China a long way from cloud computing

By Wang Zhiyong
0 CommentsPrint E-mail, November 9, 2010
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China may have built the world's fastest supercomputer, but it lags far behind the pack on the buzzword of the moment – cloud computing. In a Nov 9 speech to the 4th U.S.-China Internet Industry Forum in Beijing, Dr. He Baohong of the China Academy of Telecommunications Research set out four leaps China must make to reach the clouds.

Speed up construction of a broadband network

Cloud computing relies heavily on high-speed broadband. But Internet bandwidth in China is still very limited. According to a 2009 report by Akamai, the average rate of data transfer is just 857 kbps – less than a tenth of the 9.2 Mbps common in developed countries.

Scale up data centers, improve service quality

Internet Data Centers (IDC) are the basic platforms for cloud computing. But China's IDCs are mostly small-scale, energy-thirsty facilities that provide poor service. China's IDC market amounted to 6.39 billion yuan in 2009, just 5 percent of the Asian market. More than 90 percent of China's IDCs occupy less than 400 square meters.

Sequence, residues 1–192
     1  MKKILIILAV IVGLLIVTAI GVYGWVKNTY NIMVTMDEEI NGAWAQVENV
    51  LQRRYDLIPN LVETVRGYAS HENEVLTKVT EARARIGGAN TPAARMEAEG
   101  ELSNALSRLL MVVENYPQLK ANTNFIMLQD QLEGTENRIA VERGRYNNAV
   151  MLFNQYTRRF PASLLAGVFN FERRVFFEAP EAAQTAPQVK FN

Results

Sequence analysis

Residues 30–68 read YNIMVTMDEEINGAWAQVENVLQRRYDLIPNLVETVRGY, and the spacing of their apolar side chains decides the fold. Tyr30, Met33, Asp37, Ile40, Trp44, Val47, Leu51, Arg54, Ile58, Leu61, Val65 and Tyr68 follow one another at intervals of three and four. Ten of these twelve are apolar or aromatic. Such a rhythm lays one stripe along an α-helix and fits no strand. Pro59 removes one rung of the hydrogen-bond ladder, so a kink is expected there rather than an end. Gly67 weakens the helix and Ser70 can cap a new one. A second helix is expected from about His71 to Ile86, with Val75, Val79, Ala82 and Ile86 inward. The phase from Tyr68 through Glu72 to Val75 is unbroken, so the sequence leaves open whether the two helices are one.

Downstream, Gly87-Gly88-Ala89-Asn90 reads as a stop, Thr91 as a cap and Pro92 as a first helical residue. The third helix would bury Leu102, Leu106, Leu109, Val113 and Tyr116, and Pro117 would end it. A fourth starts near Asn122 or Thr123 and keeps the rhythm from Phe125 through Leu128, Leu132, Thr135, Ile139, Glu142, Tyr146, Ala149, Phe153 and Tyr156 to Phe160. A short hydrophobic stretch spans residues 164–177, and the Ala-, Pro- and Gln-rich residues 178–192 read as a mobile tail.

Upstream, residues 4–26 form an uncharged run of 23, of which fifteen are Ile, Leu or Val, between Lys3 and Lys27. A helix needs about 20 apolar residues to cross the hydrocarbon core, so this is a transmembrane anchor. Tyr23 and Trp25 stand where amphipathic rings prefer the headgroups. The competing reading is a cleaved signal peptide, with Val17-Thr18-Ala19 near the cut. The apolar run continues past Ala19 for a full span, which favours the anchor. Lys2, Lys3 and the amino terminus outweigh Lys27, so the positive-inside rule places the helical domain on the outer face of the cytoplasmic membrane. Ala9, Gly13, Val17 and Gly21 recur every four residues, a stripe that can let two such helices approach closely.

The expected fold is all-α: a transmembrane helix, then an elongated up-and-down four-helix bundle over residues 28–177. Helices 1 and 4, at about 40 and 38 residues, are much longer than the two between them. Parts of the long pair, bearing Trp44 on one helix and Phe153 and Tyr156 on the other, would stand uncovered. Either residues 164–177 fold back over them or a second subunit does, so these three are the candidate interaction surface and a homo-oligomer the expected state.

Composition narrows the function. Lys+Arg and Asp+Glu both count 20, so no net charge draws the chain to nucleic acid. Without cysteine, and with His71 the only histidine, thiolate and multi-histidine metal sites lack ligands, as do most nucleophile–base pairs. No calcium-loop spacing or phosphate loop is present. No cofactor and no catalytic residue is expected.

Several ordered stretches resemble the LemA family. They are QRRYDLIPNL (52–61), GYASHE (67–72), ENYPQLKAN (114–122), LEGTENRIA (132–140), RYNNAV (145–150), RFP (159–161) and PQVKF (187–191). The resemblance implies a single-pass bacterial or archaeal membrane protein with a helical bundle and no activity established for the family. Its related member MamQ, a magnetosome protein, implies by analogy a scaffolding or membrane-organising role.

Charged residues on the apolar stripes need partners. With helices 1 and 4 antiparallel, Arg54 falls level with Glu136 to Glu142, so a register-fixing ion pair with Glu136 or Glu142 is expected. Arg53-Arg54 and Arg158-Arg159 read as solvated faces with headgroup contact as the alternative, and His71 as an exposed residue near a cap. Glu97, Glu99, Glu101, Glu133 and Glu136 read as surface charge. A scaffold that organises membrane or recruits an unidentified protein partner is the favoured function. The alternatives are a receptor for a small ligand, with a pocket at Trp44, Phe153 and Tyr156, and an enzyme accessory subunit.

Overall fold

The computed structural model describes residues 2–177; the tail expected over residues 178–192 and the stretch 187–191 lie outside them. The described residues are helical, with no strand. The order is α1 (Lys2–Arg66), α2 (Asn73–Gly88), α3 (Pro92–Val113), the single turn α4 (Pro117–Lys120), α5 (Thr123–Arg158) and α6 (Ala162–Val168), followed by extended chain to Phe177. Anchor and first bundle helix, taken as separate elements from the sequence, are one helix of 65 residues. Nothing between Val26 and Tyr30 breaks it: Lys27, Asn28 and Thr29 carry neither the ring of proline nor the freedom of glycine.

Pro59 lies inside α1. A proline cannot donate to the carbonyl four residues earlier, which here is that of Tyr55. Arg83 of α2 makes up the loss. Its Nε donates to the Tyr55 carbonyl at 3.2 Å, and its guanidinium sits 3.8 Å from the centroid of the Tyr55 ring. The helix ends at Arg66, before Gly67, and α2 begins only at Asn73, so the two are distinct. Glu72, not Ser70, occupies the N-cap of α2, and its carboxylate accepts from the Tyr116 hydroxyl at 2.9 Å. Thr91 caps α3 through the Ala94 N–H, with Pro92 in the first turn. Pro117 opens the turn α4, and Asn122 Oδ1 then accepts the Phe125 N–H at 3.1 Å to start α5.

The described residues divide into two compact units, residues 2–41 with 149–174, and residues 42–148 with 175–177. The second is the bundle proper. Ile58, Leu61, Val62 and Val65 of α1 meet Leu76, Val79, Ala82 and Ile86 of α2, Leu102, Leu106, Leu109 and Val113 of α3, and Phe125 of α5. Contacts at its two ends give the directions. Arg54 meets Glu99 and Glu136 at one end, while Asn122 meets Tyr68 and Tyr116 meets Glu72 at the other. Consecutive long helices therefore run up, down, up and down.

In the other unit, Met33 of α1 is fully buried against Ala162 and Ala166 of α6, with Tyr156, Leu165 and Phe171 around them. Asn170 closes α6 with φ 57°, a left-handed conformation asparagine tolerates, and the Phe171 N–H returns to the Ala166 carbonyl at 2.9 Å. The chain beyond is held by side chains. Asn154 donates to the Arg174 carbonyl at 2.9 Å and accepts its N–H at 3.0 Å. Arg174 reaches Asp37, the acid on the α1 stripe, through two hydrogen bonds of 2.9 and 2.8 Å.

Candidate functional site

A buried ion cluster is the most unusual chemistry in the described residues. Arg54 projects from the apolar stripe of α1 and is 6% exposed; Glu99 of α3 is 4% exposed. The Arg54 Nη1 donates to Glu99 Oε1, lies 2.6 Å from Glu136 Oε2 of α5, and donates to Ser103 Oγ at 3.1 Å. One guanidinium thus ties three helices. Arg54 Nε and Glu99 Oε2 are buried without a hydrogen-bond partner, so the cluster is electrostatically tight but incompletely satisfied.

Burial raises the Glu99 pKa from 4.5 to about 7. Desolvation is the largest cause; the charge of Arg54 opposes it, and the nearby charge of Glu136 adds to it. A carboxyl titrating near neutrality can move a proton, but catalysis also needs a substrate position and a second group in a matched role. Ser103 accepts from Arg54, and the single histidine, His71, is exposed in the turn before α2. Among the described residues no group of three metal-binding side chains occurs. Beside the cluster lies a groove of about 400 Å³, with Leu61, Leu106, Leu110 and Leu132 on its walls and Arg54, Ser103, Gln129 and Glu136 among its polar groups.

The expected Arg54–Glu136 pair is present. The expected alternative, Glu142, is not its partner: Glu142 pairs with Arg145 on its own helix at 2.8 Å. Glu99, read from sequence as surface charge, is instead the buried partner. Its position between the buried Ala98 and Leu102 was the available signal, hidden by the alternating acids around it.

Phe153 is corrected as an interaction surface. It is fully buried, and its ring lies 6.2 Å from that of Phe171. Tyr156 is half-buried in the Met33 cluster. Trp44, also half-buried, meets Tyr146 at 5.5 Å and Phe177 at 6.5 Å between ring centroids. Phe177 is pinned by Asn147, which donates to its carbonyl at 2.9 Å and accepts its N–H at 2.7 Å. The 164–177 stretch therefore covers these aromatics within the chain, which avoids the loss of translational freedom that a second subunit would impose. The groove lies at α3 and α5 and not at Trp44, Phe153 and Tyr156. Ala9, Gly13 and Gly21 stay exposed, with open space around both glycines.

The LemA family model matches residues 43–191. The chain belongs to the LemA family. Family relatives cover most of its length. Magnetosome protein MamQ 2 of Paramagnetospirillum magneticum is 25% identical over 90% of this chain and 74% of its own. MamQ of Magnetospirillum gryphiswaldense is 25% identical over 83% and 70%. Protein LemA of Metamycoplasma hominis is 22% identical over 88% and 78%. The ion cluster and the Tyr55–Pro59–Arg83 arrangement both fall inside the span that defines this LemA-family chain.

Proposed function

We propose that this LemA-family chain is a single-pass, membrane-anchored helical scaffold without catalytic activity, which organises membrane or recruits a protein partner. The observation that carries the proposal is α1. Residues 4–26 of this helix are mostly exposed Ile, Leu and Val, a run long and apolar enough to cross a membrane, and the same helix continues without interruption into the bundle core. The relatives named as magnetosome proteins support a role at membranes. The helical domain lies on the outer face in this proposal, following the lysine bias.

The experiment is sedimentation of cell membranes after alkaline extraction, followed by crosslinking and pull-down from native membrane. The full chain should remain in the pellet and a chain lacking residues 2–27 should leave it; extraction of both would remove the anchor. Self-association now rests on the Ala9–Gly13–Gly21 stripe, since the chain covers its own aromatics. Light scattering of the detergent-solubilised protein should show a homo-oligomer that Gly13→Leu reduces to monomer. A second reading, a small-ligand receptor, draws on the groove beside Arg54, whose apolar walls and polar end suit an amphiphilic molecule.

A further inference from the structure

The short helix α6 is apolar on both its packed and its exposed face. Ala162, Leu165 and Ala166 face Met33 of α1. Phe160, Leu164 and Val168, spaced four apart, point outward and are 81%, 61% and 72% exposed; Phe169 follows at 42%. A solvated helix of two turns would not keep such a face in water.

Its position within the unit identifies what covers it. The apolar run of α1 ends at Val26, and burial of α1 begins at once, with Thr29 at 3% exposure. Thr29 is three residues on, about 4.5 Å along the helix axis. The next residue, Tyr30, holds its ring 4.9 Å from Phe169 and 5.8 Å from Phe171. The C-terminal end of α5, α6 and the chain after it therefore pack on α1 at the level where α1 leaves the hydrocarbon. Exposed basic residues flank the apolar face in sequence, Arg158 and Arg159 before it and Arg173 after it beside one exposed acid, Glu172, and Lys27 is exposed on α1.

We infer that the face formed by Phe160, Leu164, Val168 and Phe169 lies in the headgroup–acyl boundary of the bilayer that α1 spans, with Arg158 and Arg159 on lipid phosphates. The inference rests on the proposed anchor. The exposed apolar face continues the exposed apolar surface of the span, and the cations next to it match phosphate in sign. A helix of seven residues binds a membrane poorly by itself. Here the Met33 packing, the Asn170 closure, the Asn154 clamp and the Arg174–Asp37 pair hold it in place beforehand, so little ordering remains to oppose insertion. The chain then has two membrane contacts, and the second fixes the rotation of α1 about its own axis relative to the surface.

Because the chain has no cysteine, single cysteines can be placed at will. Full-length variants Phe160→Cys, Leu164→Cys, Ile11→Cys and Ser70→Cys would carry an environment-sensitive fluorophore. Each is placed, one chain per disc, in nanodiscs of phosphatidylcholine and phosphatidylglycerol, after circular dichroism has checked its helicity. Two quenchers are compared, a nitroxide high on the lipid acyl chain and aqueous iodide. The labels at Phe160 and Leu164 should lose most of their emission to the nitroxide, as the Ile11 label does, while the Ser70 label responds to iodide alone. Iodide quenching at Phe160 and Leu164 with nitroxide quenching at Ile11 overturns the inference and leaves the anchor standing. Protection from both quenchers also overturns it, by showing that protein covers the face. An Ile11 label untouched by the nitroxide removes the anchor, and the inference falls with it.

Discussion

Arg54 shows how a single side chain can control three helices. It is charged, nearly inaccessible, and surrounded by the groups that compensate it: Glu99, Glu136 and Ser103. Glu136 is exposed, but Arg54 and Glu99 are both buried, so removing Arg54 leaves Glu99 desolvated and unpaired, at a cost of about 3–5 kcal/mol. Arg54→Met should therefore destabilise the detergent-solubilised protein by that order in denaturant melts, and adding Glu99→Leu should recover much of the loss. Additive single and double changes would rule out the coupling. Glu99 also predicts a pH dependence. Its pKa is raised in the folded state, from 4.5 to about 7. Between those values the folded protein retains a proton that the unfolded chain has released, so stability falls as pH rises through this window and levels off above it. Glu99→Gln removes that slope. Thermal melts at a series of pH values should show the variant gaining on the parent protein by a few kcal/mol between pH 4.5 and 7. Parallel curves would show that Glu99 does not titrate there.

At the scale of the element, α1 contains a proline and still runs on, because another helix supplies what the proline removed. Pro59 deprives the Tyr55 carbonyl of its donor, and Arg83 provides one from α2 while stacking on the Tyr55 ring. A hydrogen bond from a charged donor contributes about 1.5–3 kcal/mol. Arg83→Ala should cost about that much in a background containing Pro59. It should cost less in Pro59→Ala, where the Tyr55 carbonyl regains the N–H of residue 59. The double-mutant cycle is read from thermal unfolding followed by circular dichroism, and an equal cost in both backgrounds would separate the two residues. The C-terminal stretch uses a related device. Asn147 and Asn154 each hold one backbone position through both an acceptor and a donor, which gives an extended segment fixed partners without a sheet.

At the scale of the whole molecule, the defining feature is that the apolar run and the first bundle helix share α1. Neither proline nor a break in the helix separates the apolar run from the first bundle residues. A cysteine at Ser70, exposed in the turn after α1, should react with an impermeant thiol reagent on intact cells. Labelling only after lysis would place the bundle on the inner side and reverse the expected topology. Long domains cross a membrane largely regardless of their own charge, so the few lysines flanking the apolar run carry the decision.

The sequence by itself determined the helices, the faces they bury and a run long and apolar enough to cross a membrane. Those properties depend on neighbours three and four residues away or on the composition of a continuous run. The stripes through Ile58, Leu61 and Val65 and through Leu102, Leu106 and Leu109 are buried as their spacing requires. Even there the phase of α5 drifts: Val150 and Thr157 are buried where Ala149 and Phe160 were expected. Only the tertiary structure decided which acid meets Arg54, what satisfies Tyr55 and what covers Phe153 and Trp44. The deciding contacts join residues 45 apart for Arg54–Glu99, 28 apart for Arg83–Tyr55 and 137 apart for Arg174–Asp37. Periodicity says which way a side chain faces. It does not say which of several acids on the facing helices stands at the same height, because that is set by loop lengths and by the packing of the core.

Switch IT focus from products to services

China's IT industry is still transitioning from a self-sufficient "natural economy" to a professional, service-based "commodity economy," according to Dr. He.

The industry's current products, including servers, storage units and routers, are not fit for purpose for building cloud computing platforms. Some ISPs have resorted to customizing equipment for their cloud computing offerings, but in the longer run operators need to be able to buy fully functional products directly from the market.

Build the customer market

Cloud computing has great market potential to the 42 million Chinese SMEs with inadequate IT facilities. But the market will not grow of its own accord.

Management mindsets need to change from buying physical products to buying services. IT department heads must be convinced that having computers on the premises is not the key to servicing the business. Better auditing of physical assets may encourage state-owned enterprises and government departments to make the switch to cloud computing services, according to Dr. He.

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